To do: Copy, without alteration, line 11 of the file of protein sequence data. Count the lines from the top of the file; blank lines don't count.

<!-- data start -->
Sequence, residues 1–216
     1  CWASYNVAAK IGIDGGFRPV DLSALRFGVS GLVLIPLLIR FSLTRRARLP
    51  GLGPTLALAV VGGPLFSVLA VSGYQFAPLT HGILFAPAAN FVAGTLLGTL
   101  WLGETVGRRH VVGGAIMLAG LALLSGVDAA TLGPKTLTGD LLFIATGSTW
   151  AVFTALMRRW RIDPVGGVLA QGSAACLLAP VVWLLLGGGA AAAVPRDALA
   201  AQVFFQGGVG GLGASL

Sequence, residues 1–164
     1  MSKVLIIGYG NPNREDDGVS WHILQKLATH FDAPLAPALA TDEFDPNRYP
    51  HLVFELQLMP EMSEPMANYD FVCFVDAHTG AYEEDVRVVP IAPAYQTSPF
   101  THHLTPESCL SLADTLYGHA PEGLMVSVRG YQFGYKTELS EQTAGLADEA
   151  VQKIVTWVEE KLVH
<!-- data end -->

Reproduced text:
   151  VQKIVTWVEE KLVH